Moore assess Bush’s entrance into the presidency as follows:
“No President had ever witnessed such a thing on his inauguration day. And for the next eight months it didn’t get any better for George W. Bush.”
He proceeds to make the following charges:
“He couldn’t get his judges appointed;”
False. When Jim Jeffords left the Republican party, switching control of the senate, the Democrat controlled Senate stalled the confirmation (not “appointment”) of some of the judges whom Bush had nominated for the federal courts.
Despite the obstruction of some of Bush’s judicial nominees, Bush did indeed get a number of judges appointed and confirmed by Congress. This DOJ page shows the judicial confirmations that took place during the 107th Congress. Every one of these was a Bush appointee.
“He had trouble getting his legislation passed;”
Partially True. Under this narration, Moore shows a clip of an unfurling Greenpeace banner protesting drilling in the Alaska National Wildlife Reserve. However, what Moore fails to mention is that during this time period Bush got a massive tax cut passed, the Economic Growth and Tax Reform Reconciliation Act of 2001. Even if this was the only thing Bush accomplished during this time period (it wasn’t) it would show Moore’s assertion to be patently untrue.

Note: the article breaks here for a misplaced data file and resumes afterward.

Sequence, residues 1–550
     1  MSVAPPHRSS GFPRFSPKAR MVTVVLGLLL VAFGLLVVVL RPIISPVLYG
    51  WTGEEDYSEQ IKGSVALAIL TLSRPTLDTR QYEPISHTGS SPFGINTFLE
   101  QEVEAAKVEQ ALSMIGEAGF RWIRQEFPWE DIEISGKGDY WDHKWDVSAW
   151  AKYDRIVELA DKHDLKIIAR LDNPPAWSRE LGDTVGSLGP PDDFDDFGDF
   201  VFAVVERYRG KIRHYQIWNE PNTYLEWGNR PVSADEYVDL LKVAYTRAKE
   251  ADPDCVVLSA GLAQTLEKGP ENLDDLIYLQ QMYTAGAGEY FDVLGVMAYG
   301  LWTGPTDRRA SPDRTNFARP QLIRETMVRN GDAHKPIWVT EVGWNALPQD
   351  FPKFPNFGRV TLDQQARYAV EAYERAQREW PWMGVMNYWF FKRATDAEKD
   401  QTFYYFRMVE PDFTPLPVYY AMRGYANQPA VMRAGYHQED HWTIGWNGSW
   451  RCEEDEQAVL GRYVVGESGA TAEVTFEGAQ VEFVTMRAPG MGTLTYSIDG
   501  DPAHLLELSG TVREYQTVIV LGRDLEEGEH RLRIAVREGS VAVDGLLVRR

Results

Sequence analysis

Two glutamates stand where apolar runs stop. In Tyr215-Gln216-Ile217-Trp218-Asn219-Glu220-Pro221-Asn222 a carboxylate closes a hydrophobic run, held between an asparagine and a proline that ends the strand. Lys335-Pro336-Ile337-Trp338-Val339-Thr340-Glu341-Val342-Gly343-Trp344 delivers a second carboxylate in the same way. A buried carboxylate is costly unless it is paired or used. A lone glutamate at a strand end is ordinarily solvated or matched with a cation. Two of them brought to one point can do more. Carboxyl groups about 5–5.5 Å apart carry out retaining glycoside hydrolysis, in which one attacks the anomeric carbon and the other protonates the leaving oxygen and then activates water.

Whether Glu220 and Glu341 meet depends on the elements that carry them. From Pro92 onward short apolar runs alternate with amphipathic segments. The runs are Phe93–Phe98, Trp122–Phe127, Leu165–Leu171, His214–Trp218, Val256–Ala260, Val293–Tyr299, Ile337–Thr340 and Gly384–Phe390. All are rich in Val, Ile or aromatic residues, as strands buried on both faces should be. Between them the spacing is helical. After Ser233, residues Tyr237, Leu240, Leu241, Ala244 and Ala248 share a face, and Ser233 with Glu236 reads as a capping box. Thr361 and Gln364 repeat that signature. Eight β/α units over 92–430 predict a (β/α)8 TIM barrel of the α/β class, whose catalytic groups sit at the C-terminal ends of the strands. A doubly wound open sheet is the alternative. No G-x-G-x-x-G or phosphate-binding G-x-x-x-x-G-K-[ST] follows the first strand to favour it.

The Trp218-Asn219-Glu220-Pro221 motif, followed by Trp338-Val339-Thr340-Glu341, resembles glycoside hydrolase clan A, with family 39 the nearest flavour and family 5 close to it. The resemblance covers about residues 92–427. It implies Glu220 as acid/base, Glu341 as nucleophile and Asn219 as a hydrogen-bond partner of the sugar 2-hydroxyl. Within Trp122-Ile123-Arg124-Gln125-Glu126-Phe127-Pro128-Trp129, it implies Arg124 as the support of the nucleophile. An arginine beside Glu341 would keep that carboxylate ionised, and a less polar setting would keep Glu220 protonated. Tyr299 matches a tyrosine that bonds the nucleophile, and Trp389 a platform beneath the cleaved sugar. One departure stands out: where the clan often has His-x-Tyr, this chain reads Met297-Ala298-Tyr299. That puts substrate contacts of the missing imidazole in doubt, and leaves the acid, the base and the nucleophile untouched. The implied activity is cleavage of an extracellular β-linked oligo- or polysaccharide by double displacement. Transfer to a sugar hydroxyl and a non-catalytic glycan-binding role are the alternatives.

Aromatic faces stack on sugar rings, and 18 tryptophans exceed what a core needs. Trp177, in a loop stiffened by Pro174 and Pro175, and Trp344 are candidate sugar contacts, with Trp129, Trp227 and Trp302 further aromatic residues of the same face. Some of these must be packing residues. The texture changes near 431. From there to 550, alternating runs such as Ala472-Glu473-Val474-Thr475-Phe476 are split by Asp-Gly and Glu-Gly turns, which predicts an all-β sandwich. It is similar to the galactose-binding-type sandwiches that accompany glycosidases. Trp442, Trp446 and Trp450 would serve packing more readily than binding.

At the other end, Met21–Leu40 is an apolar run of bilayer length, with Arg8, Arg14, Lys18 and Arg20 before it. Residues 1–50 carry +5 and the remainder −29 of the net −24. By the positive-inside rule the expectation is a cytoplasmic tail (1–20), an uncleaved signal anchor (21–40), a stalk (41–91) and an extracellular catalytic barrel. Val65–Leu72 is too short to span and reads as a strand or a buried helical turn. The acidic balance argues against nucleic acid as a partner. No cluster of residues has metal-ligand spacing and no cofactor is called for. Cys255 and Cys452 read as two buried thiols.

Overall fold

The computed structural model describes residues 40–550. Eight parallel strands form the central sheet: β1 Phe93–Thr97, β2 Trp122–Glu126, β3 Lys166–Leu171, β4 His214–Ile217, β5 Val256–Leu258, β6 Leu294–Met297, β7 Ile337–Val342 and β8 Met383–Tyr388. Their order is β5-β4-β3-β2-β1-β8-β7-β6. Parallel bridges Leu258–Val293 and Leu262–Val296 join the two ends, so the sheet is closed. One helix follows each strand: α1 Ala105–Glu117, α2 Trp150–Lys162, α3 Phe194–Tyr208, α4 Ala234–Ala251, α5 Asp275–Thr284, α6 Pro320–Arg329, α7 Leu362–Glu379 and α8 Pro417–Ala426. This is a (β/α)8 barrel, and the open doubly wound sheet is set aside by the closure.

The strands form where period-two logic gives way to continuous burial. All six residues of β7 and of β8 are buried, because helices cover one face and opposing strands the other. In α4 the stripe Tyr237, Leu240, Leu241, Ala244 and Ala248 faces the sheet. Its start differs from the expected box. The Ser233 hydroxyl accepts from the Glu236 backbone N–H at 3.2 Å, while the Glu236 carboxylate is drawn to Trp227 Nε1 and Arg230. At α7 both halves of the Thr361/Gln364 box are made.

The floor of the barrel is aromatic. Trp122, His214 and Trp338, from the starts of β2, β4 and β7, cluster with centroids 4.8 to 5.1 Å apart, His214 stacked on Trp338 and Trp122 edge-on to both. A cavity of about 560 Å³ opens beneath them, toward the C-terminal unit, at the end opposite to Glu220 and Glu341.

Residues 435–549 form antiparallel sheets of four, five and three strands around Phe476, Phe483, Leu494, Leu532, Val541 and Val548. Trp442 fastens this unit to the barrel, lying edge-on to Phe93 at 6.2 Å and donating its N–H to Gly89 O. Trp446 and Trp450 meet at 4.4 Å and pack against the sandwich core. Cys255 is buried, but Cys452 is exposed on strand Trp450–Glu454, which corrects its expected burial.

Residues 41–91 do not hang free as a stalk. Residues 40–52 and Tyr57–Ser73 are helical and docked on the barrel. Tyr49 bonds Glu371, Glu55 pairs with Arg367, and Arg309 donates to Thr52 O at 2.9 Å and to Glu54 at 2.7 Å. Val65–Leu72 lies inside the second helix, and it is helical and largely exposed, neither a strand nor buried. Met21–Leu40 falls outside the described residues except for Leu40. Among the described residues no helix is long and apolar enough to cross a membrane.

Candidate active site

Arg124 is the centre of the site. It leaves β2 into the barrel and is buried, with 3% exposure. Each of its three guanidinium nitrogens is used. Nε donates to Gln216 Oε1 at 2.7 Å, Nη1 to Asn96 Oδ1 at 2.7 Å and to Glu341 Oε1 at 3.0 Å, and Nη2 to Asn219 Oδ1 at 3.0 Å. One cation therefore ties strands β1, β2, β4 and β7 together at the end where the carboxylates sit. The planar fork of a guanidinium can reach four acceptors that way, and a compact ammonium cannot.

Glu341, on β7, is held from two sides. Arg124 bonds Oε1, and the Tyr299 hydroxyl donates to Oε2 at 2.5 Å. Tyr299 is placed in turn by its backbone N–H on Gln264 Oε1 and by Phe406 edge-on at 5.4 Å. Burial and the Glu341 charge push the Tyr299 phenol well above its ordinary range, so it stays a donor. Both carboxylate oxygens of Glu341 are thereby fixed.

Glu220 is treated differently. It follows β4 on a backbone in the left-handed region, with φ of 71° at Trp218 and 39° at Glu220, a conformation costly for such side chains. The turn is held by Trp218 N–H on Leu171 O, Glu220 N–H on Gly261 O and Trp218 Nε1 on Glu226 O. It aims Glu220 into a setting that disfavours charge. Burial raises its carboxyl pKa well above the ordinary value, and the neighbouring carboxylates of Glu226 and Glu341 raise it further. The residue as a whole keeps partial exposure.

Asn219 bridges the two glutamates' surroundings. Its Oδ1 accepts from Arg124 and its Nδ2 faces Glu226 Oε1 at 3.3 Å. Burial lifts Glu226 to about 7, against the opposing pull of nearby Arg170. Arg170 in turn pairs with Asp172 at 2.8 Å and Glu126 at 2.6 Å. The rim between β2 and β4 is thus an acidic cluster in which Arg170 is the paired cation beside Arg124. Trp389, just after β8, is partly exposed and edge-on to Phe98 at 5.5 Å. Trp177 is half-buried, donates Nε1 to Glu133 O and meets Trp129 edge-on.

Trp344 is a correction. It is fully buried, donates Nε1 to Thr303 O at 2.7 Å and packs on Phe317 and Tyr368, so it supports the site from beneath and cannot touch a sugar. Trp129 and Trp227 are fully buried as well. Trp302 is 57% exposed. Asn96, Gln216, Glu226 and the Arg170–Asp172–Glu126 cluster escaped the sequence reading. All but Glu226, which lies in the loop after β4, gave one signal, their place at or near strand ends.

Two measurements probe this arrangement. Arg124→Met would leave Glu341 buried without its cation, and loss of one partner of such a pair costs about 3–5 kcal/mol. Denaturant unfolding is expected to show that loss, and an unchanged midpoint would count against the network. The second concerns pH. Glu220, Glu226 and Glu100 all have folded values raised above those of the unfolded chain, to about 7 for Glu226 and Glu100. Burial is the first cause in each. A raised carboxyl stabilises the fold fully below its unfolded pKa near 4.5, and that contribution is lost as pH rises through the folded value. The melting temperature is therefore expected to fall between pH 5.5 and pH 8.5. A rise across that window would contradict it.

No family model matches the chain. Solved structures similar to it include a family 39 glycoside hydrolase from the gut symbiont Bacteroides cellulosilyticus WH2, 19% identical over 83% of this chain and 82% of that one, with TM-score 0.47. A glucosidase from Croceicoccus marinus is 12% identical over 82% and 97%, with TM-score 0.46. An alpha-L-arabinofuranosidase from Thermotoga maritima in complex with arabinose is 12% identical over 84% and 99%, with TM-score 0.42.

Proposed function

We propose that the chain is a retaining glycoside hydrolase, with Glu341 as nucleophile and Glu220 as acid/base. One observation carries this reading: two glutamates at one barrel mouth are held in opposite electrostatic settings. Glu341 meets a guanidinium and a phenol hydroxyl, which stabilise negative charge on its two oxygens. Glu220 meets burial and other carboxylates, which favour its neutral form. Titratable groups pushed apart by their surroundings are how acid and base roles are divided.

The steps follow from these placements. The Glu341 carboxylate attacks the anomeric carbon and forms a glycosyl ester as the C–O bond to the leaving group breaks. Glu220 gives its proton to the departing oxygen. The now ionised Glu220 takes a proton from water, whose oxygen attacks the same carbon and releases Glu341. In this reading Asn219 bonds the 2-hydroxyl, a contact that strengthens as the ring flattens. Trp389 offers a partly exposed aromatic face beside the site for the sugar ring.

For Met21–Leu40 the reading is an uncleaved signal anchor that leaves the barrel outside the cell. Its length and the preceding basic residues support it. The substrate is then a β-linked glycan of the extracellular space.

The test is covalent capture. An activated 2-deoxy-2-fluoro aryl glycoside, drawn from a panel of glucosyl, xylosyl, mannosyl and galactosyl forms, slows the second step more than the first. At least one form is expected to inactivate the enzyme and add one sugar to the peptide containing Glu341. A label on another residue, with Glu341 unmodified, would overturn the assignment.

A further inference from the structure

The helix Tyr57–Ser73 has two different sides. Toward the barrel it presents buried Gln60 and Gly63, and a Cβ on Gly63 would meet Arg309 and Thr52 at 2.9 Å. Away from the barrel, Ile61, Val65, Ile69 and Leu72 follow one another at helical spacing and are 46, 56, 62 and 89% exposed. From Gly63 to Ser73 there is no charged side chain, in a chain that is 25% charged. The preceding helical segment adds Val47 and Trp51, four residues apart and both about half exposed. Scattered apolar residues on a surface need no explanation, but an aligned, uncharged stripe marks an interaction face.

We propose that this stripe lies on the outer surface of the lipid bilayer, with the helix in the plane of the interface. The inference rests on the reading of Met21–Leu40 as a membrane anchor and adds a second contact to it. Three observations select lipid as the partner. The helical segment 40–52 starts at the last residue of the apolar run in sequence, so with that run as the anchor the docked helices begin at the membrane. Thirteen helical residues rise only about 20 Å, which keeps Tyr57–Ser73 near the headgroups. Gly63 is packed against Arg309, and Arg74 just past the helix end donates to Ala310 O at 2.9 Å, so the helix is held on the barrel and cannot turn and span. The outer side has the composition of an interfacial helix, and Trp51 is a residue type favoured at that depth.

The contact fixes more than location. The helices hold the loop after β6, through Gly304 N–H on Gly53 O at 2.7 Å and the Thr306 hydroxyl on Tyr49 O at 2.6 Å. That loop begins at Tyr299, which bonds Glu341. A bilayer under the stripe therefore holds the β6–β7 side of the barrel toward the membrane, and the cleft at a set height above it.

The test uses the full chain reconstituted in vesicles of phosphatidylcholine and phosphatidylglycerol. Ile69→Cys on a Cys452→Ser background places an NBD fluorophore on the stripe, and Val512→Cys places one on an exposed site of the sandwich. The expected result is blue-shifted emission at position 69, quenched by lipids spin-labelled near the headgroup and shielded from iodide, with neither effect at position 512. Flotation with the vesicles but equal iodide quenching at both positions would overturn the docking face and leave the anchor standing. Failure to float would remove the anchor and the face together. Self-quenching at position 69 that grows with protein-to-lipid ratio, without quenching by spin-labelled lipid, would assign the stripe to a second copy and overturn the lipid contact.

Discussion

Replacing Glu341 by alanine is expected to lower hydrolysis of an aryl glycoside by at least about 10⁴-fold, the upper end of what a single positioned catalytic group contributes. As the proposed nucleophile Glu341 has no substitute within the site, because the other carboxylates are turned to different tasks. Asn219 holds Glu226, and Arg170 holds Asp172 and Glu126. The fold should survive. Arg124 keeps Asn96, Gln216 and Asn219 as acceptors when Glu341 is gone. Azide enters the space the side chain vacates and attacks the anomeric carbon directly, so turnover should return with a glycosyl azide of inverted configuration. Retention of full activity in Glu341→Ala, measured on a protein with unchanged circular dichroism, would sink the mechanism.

“And he lost Republican control of the Senate;”
True, though misleading. The footage shows Senator Jim Jeffords, who defected from the GOP to become an independent who agreed to caucus with the Democrats.
Yes, Bush lost control of the senate, but Moore’s larger argument of alleged Bush failure is invalid here, considering that in the first election cycle after the defection, American voters returned control of the Senate to Republican hands, and saw Jim Jeffords making overtures to his former party to keep his committee chairmanship.
“His approval ratings in the polls began to sink;”
Misleading. Moore shows a screen displaying Bush with 53% job approval on May 3, and 45% on September 5. The screen shot includes no source for this alleged poll.
University of Minnesota History Professor Steven Ruggles has compiled a chart showing Bush’s approval ratings in 13 major polls throughout his Presidency. According the chart, never during 2001 did Bush’s approval rating fall as low as 45% in any of the polls.
As David Koppel notes: Nor did Bush’s approval ratings really “sink” after inauguration day. Bush’s popularity ratings rose significantly in April (when his tax cut was the main issue in Congress), and then returned to more normal levels in June. From Bush’s inaugural until September 10, almost all of his approval ratings were in the 50-60% range, with only a few results from an occasional poll either higher or lower.